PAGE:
Tuesday, June 14, 2011


Watched GHOST DOG tonight on cable and except for a few scenes it was like I was watching it for the first time. So maybe I was. Which seems like a very "Way of the Samurai" thing to think and say.

I have a good friend. the great writer Dale Herd, who used to talk about the way of the Samurai when we were both trying to earn a living in Hollywood and I wasn't doing so well. He'd tell me the story of the Samurai who hadn't eaten in a week and was hurting with hunger. But when he approached the next town, he used his sword to cut a small piece of a branch into a toothpick and then walked down the middle of the main street in the town picking his teeth as if he'd just finished a big meal.

Not a bad strategy. I never learned to use it though. Some people used to call me "pathologically honest," or as the priest who explained to my family why I was being kicked out of the first college I went to said was the one good thing he could report about me, that I was "brutally honest."

I've learned over time that I only thought I was being honest. And that truth can only be approached, never reached completely.

Man, what a fine film. Jim Jarmusch's best, that's for sure (at least for my taste). And certainly one of Forest Whitaker's best performances. But then the entire cast was perfect for my taste. If you have to make movies with guns and violence, that's the way to do it.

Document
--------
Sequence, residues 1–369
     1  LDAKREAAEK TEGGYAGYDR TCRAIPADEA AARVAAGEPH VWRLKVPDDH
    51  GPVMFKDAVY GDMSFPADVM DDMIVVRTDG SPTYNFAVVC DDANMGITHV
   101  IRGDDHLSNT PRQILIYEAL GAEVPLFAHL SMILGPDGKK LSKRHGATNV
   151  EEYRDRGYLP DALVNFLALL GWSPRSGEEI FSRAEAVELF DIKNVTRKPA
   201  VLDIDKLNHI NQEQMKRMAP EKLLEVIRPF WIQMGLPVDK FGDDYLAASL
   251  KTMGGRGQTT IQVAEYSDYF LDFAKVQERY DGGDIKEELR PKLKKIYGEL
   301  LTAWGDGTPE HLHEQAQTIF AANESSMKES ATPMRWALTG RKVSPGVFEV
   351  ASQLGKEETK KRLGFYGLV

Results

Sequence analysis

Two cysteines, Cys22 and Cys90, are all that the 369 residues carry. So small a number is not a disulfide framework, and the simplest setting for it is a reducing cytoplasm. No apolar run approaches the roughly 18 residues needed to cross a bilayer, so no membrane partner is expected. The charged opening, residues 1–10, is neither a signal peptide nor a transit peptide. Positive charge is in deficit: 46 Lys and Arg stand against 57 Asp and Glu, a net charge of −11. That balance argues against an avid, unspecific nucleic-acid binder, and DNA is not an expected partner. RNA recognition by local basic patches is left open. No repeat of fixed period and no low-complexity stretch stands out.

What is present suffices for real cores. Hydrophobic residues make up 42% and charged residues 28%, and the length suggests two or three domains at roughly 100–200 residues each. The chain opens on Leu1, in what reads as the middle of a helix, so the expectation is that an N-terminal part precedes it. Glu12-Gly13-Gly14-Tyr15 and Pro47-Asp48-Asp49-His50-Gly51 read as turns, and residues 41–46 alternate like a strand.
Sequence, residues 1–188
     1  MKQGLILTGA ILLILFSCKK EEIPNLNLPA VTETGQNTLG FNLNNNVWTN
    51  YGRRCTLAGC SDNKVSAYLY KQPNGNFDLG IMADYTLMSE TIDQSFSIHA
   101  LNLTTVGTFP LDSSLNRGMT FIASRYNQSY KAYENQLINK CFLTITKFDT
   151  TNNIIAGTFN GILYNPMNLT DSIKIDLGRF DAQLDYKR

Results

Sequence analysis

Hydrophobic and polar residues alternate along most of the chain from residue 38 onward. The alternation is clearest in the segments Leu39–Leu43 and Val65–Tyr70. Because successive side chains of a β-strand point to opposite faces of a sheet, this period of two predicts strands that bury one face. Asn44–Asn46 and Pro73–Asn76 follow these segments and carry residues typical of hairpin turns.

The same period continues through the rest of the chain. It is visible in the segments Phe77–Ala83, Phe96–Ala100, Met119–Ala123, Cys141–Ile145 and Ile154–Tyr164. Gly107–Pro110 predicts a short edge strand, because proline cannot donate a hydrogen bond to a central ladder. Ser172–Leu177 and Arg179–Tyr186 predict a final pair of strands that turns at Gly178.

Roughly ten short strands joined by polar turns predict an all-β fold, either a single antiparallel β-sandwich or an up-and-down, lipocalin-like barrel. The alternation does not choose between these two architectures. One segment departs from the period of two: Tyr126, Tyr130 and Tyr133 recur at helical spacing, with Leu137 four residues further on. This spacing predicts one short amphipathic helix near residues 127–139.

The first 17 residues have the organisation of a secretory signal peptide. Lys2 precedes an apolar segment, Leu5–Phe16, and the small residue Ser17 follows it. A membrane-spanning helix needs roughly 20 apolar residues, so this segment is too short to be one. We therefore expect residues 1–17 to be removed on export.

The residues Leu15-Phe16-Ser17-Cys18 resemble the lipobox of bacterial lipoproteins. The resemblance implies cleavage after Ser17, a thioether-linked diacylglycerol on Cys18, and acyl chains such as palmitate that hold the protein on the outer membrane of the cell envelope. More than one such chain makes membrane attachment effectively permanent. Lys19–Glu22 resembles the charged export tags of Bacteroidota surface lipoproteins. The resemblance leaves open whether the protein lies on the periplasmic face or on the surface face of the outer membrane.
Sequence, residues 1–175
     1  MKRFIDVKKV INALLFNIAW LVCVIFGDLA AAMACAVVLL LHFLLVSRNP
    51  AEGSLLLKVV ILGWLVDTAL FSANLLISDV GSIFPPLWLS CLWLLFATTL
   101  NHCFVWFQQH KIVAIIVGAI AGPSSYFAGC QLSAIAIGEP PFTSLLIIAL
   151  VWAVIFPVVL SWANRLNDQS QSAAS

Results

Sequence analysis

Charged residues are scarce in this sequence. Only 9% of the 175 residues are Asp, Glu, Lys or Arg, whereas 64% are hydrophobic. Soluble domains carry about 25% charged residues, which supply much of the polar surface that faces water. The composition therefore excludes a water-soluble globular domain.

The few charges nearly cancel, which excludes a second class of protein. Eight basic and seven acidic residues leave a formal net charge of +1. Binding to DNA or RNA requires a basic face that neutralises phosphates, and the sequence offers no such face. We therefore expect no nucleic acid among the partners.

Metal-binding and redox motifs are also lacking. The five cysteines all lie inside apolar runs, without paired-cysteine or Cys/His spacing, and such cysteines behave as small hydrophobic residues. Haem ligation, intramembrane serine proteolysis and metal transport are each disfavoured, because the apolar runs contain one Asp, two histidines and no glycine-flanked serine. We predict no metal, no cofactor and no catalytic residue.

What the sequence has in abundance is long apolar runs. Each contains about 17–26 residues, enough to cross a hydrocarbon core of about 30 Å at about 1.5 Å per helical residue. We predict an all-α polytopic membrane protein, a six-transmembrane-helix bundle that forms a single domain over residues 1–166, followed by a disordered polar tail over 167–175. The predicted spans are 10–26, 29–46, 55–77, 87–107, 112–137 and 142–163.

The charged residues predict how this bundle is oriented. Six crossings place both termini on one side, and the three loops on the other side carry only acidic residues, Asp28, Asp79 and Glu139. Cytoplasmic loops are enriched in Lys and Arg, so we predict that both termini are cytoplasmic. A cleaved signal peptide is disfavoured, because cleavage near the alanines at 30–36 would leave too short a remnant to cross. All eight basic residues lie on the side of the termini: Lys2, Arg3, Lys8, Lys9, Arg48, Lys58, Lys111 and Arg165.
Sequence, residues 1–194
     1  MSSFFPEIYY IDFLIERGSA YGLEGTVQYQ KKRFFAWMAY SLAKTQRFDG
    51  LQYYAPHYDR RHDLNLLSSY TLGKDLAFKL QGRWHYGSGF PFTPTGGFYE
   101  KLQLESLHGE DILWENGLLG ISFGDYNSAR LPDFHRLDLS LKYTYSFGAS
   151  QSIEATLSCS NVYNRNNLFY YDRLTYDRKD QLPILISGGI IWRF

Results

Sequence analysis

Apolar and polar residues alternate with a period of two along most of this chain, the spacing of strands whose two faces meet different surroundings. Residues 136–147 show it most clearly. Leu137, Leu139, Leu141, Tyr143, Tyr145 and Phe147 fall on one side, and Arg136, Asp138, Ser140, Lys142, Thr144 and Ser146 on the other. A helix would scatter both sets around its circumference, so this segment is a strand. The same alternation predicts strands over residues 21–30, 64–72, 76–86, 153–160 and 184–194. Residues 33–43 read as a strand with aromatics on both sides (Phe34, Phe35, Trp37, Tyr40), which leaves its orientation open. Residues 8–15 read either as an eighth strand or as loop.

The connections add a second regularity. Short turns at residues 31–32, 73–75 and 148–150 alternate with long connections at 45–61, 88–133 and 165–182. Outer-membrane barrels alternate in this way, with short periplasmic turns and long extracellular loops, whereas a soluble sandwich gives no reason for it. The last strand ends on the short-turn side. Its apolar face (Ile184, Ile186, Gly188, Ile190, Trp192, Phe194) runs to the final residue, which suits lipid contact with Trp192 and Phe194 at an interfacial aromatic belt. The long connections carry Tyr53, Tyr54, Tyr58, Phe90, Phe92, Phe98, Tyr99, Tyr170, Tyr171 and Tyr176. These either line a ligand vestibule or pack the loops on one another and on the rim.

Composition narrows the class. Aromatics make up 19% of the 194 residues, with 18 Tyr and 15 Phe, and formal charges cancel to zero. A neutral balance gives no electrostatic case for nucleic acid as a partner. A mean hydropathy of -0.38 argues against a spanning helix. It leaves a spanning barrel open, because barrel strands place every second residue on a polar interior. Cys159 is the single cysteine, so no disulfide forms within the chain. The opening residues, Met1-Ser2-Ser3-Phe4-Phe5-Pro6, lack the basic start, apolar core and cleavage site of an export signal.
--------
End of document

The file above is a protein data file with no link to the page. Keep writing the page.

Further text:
AlamedaTom said...

Oh Man! I totally love this movie. I saw it twice, and after reading your post I'm ready to see it again. Aside from the myriad of other great things about the movie, you cannot say enough about Forest Whitaker's performance. Yet another example of the guy's incredible range.

~ Willy

Lally said...

Totally. I now consider it one of my alltime favorite flicks. The elements if described would seem so random (TV cartoons, cartoonish gangsters, the ice cream guy who only speaks French, etc.) or other plot turns would be expected from them (the not so subtle separate appearances of members of rival gangs in their colors, which doesn't lead to the expected etc.), but Jarmusch and his team make it work as a satisfying story AND philosophical inquiry into the meaning of life and death. Now that I think of it, it's pretty profound.